Which they did. They built their own town, their own neighborhood, that was very successful. And of course, this caught attention from the White Community. It fed into the racism that was going on, because "How dare they start their own successful neighborhood?" "And how dare they be more successful than us?". They didn’t like that. On May 30th, 1921, a young black teenager named Dick Rowland, who worked as a shoe shiner, employed at a Main Street shine parlor. He had entered an elevator at the Drexel Building, which was an office building on South Main Street.
It’s believed Rowland may have been trying to get to the only restroom in the building, but its unsure. He goes into the building, and he goes to the elevator. Now the woman operating the elevator was a white woman, named Sarah Page. And Dick Rowland had entered the elevator, and what
happenedon the elevator, is unknown exactly. But what we do know, is that at some point, while the two were on the elevator Sarah Page had screamed, and Dick Rowland was seen running out of the elevator. The guy who was working the front desk in the building, he ran over to the elevator, and he saw Sarah, in what he said, was a "distraught state", and he called the police.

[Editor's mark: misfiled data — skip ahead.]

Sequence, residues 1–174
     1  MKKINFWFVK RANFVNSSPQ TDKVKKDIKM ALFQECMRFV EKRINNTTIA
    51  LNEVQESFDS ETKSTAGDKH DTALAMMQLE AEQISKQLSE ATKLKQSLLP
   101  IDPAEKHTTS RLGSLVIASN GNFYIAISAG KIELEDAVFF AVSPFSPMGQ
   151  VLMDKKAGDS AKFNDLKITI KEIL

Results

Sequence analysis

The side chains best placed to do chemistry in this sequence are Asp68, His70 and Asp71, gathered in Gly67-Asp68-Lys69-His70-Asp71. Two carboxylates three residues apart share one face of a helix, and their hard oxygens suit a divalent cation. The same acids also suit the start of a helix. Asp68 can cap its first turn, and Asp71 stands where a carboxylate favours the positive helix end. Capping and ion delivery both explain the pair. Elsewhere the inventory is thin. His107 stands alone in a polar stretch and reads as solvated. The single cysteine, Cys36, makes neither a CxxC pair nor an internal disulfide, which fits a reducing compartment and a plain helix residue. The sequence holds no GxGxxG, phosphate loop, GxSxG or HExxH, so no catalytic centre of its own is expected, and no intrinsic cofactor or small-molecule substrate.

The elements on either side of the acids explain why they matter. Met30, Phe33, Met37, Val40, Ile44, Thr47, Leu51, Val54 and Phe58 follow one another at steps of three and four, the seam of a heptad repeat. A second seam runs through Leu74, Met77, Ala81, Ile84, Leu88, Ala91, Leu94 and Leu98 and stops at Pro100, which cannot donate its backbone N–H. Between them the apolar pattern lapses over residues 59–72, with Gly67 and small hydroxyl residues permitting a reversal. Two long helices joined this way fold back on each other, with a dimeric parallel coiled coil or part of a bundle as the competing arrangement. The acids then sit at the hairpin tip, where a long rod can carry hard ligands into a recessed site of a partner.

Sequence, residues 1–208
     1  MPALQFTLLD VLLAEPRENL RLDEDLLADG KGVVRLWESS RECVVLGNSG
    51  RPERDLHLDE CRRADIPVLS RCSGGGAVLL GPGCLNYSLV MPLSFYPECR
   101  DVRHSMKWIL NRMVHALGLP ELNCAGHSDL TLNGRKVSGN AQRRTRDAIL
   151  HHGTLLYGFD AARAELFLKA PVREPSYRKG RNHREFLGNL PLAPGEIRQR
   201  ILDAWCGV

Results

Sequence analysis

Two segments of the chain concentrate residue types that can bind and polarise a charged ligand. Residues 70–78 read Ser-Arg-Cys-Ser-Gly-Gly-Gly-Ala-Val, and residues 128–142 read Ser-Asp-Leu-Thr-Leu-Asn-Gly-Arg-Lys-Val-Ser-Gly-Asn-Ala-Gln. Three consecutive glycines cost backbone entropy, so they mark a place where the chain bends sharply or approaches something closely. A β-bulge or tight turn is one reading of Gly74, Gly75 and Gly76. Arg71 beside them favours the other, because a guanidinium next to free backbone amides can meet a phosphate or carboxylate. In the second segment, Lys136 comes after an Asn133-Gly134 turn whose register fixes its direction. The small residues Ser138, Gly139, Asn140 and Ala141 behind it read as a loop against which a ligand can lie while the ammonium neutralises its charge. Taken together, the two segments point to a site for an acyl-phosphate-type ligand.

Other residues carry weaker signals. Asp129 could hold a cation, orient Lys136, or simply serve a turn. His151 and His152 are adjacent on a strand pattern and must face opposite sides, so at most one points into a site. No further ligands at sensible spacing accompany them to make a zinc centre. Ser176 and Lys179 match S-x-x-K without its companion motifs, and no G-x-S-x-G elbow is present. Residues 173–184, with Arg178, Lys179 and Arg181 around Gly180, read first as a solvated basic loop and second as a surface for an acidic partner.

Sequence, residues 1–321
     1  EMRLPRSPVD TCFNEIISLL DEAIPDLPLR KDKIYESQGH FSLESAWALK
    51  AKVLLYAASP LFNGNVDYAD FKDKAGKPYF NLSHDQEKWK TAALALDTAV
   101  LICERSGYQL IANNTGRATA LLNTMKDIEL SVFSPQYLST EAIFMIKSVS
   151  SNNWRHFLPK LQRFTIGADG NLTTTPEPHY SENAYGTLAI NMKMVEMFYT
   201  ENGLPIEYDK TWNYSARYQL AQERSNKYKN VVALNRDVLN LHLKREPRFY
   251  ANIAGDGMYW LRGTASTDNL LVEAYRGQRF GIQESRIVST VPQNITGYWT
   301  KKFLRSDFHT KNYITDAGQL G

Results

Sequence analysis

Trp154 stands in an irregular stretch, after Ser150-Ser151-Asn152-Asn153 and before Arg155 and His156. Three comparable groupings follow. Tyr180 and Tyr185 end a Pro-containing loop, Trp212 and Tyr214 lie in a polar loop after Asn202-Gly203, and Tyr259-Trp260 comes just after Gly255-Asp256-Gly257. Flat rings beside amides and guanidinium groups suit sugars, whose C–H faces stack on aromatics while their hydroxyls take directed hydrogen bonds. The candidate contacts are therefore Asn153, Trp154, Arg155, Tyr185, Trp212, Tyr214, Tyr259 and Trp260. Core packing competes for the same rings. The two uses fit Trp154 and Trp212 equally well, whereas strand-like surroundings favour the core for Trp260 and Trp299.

The police came out, and most likely questioned Sarah, but there was no written account anywhere of her statement, that has been found. They must’ve been like "Oh I’ll just remember it with my mind", or they burnt it, we don’t know. Most believe that the police had determined what
happenedbetween the two, and then authorities conducted like a low-key investigation of their own, without doing the proper paperwork. Now unfortunately, people were talking. Rumors were swirling. Not even long after the incident took place, about what supposedly happened on that elevator, it had circulated through the city’s White Community.